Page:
We were starving, so after laying out his clothes to dry, we chowed on the only food we had - a box of chocolates we brought as a gift. Thirsty, we quickly found out that the vending machine was broken. Nothing to drink but crappy Dallas tap water. Went to sleep and woke up with bug bites. No lie. Probably the same bugs that ate these holes through the curtains:

The next day, we tried to get on a flight, but couldn't. So, we decided to make the best of it. Eschewing my typical pessimistic M.O., I shouted "lemonade out of lemons." We booked a room at the swanky hotel airport (and actually checked in VERY early! Hooray!), and found out that American Airlines actually, finally, 16 hours after the cancellation, found my luggage. Of course, my clothes were also drenched.
Here's my $7 bargain meal of desperation...

Things were looking up, notwithstanding that we were stuck in Dallas. I hate Texas.

We then attempted to get seat assignments for Sunday's flight. We waited in line, and were the last two to be helped when American Airlines shut down the ticket counter and instructed us to go to the other end of the terminal for assistance. As you might have imagined, we were not pleased and went on to drown our anger in a crappy franchise restaurant that shall go unnamed to preserve any credibility we might have.

Finally, Sunday evening arrived. Boarding was delayed for 40 minutes so they could "clean the plane." After boarding, we sat on the runway for another 40 minutes - thereby spending what was - coincidentally enough - the same exact amount of time we had for our layover in Sao Paulo to catch our flight to Natal. We knew then that we'd miss our connection.

Cursed. Cursed. Cursed.

We arrived in Sao Paulo with 10 minutes to spare when we were pulled out of line. "Hallelujah," I shouted! "They are going to move us to the head of the immigration and customs lines so we can catch our flight." Nope. American Airlines decided for us that we would not make our connection, and also decided to rebook us on a 6 pm flight (it was 9:15 am, for your point of reference), out of another airport in Sao Paulo. Now, I don't know if you know anything about this fine city, but not only is it HUGE, it is also so crime ridden that Beto requires an escort and a bullet proof car to travel. Like bloody hell I was going to hop on an airport shuttle that has "American Tourists to Rob and Murder" written all over it in ink that only the robbers and murderers of American tourists could read.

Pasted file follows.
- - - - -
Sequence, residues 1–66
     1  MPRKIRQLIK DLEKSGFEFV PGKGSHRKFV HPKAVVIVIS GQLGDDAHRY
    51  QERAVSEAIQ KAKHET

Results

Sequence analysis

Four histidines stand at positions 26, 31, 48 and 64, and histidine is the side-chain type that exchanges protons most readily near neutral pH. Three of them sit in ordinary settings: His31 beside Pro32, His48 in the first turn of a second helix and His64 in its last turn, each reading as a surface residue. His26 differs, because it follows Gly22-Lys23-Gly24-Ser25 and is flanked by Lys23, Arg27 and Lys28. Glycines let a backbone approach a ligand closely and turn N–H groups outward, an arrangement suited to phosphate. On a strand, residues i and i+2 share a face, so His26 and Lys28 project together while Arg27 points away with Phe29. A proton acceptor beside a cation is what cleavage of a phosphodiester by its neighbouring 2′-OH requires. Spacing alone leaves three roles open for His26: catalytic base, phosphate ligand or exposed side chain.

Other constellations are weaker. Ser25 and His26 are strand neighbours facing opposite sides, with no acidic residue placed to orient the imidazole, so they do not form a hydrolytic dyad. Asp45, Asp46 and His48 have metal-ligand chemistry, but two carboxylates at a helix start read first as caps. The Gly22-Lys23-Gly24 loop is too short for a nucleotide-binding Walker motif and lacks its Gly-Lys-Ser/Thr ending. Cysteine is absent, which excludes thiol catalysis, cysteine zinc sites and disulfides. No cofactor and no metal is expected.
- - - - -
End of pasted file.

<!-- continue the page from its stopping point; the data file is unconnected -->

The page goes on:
Recognizing the conundrum, and the fact that that next flight was 9 hours away, Beto asked American to endorse a ticket on a non-affiliated airline - the only other airline in Brazil. Departing from company policy by demonstrating a brief glimpse of human compassion, they agreed. So, with an ounce of hope, we waded through immigration and customs, and made our way to the other airline - GOL - the equivalent of the ValuJet that plummetted into the Everglades several years ago. The flight to Natal was scheduled to leave in 45 minutes, so we were understandably elated to have found it. Only problem - American failed to properly endorse the ticket, and GOL would not take it. With only 45 minutes to spare, there was no time to go back to the American counter for the proper endorsement, so we just bought a whole new damned ticket to get from Sao Paulo to Natal. After $3000 for the original ticket and several hundred dollars in Dallas, what's another $300, right?

As an aside, for those of you traveling to Brazil, you will be happy to note, as evidenced by this sign, that for your safety, the country prohibits weapons, bombs, incendiaries, knives, and... frozen fish... on its flights.

Got to the gate to then find out that the GOL flight was actually delayed for more than an hour, and so we would have had time to get American to endorse the ticket, had we known.

Welcome to our first two days of vacation.